International Journal of Scientific & Engineering Research Volume 2, Issue 6, June-2011 1

ISSN 2229-5518

Improved Audio Watermarking

Using DWT-SVD

N.V.Lalitha, G.Suresh, Dr.V.Sailaja

—————————— • ——————————

HE rapid development of the Internet and the digital information revolution cased significant changes in

the global society, ranging from the influence on the

world economy to the way people nowadays communi- cate [1]. Digitizing of multimedia data has enabled relia- ble, faster and efficient storage, transfer and processing of digital data. It also leads to the consequence of illegal production and redistribution of digital media. Digital watermarking is identified as a partial solution to related problems which allow content creator to embed hidden data such as author or copyright information into the multimedia data [2]. In cryptographic techniques signifi- cant information is encrypted so that only the key holder has access to that information. Once the information is decrypted the security is lost. Information hiding is unlike cryptography, message is embedded into digital media, which can be distributed and used normally. Information hiding doesn’t limit the use of digital data. Within past

few years several algorithms for embedding and extrac-

magic triangle. In order to satisfy the requirements of magic triangle, watermarks are seen embedded in Fourier domain [3], time domain [4], sub-band domain [6], wave- let domain [7] and by echo hiding [5].

The DCT and DWT transforms have been extensively used in many digital signal processing applications. SVD is a useful tool of linear algebra with several applications in image compression, watermarking and other areas of signal processing. A few years ago, SVD is explored for image watermarking applications [9, 10]. The brief intro- duction of these three techniques are presented in this section .

is a technique for converting a signal into elementary fre- quency components [11]. The most common DCT defini- tion of a 1-D sequence of length N is

N =1

tion of watermark in audio sequence have been published

*C *(*u*) = a (*u*)

*f *( *x*) cos J7t__ __(2 *x *- 1)*u *l,

(1)

[3-7]. Almost all audio watermarking algorithms work by

x =0

L 2*N *J

exploiting the perceptual property of Human Auditory

System (HAS). The simplest visualization of the require-

For u=0,1,2,…,N-1. Similarly, the inverse transformation is defined as

ments of information hiding in digital audio is possible

N =1

J7t__ __(2 *x *- 1)*u *l

via a magic triangle [8]. Inaudibility, robustness to attacks

*f *( *x*) = a (*u*)*C *(*u*) cos ,

(2)

and the watermark data rate are in the corners of the

u =0

L 2*N *J

for x=0,1,2,….N-1. In both equations (1) and (2) a (*u*) is

defined as

————————————————

G.Suresh, Assoc.Prof, ECE Dept., Krishna’s Pragati Institute of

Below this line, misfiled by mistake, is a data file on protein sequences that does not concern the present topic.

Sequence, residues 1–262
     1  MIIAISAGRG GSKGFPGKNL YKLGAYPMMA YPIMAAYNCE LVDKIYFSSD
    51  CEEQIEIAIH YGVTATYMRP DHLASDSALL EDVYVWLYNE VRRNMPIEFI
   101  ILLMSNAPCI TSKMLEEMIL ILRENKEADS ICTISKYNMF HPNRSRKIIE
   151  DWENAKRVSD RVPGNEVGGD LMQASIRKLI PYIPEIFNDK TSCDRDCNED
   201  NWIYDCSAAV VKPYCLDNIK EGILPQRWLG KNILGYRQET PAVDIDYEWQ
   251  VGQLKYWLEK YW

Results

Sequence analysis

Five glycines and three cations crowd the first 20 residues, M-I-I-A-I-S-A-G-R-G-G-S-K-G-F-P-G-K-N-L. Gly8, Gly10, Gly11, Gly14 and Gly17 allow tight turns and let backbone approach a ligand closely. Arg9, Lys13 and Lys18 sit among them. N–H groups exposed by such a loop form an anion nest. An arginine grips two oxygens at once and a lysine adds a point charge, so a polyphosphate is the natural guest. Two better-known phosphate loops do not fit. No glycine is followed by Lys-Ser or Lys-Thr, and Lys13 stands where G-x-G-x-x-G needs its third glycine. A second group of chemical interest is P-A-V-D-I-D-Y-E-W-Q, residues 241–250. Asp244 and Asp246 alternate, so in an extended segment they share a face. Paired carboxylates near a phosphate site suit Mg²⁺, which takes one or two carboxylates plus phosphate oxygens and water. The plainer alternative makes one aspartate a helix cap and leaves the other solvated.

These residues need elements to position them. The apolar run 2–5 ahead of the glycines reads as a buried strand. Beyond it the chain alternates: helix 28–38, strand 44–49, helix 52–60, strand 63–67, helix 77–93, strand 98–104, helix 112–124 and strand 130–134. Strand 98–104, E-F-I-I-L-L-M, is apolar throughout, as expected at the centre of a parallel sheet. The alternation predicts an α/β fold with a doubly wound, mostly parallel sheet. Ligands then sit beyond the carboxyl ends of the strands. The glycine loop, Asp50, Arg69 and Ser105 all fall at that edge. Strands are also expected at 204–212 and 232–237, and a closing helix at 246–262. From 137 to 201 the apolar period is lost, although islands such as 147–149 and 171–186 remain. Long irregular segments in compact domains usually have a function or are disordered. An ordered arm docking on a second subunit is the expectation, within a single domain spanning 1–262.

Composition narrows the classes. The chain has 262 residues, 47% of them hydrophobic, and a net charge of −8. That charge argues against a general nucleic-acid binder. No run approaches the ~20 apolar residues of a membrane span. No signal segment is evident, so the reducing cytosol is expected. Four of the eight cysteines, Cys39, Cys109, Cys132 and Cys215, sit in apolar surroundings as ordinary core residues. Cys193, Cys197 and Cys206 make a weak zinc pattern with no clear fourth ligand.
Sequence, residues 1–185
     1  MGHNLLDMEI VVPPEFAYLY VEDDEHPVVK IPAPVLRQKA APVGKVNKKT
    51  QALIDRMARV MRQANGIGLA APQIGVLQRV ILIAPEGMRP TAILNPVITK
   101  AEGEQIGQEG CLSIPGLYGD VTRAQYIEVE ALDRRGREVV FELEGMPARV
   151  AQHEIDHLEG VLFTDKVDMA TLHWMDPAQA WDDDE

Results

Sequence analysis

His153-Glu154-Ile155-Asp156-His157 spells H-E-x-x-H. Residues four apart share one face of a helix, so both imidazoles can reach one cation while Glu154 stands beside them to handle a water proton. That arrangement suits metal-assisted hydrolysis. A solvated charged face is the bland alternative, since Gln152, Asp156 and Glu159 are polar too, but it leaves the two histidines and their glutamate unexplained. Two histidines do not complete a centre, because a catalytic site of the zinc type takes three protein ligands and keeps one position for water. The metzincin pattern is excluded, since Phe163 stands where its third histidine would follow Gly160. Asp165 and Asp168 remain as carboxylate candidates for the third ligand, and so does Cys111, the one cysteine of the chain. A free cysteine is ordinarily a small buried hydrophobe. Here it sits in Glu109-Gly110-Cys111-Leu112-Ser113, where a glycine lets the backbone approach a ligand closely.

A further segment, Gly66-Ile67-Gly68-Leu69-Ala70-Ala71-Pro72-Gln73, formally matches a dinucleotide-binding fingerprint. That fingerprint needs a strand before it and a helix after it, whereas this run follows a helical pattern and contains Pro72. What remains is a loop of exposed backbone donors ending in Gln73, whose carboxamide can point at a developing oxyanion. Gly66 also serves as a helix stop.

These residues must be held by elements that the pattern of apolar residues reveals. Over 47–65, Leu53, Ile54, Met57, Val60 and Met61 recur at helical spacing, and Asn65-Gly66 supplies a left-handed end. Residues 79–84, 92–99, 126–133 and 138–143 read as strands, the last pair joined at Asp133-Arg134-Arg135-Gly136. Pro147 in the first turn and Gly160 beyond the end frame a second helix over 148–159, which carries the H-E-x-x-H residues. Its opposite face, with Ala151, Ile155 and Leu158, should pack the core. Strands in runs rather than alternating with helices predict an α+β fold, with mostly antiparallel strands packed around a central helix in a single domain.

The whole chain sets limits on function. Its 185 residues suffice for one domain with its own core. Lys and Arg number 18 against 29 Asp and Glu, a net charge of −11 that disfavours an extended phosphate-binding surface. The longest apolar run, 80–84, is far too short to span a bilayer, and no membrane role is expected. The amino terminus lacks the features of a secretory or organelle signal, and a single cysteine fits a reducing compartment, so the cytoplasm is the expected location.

Technology, Rajahmundry, A.P.INDIA. PH-09885837385.

E-mail: sureshg_ece@yahoo.co.in

*Dr. V.Sailaja ,Prof, ECE Dept., GIET, Rajahmundry,A.P. INDIA,*

E-mail:lalithanarla.ece@gmail.com

1

a (*u*) = *N*

2

\ *N*

for u = 0

for u -: 0

(3)

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It is clear from (1) that for u=0, C(u=0)=

1 N -1

N x =0

f ( x) .

sampling by 2.

Thus the first transform coefficient is the average value of the sample sequence. In literature, this value is referred to as the DC Coefficient. All other transform coefficients are called the AC Coefficients [12].

In particular, a DCT is a Fourier-related transform similar to the Discrete Fourier Transform (DFT), but using only real numbers. DCTs are equivalent to DFTs of rough- ly twice the length, operating on real data with even symmetry (since the Fourier transform of a real and even function is real and even), where in some variants the input and/or output data are shifted by half a sample.

has received a tremendous amount of interest in many important signal processing applications including audio and image watermarking [13, 14 and 15]. With the DWT, the audio signal can be transformed into frequency do- main ranging from low frequency to high frequency. Be- sides, the high frequency spectrum is less sensitive to human ear. That is the reason why the high frequency component is usually discarded in the compression process. Therefore, information to be hidden can be em- bedded into the low frequency component to against the compression attack.

The DWT is defined by the following equation

explored for watermarking [17]. The SVD for square ma- tices was discovered independently by Beltrami in 1873 and Jordan in 1874, and extended to rectangular matrices by Eckart and Young in the 1930s. It was not used as a computational tool until the 1960s because of the need for sophisticated numerical techniques. In later years, Gene Golub demonstrated its usefulness and feasibility as a tool in a variety of applications [18]. SVD is one of the most useful tools of linear algebra with several applica- tions in image compression and other signal processing fields.

Watermark embedding procedure

W ( j, k ) =

*x*(*k *)2- j /2 (2- j *n *- *k *)

j k

The D represents the Details sub-band, and A represents

the approximation sub-band.

Where (*t*) is a time function with finite energy and fast decay called the mother wavelet. The DWT analysis can be performed using a fast, pyramidal algorithm related to multirate filterbanks [16].

As a multirate filterbank the DWT can be viewed as a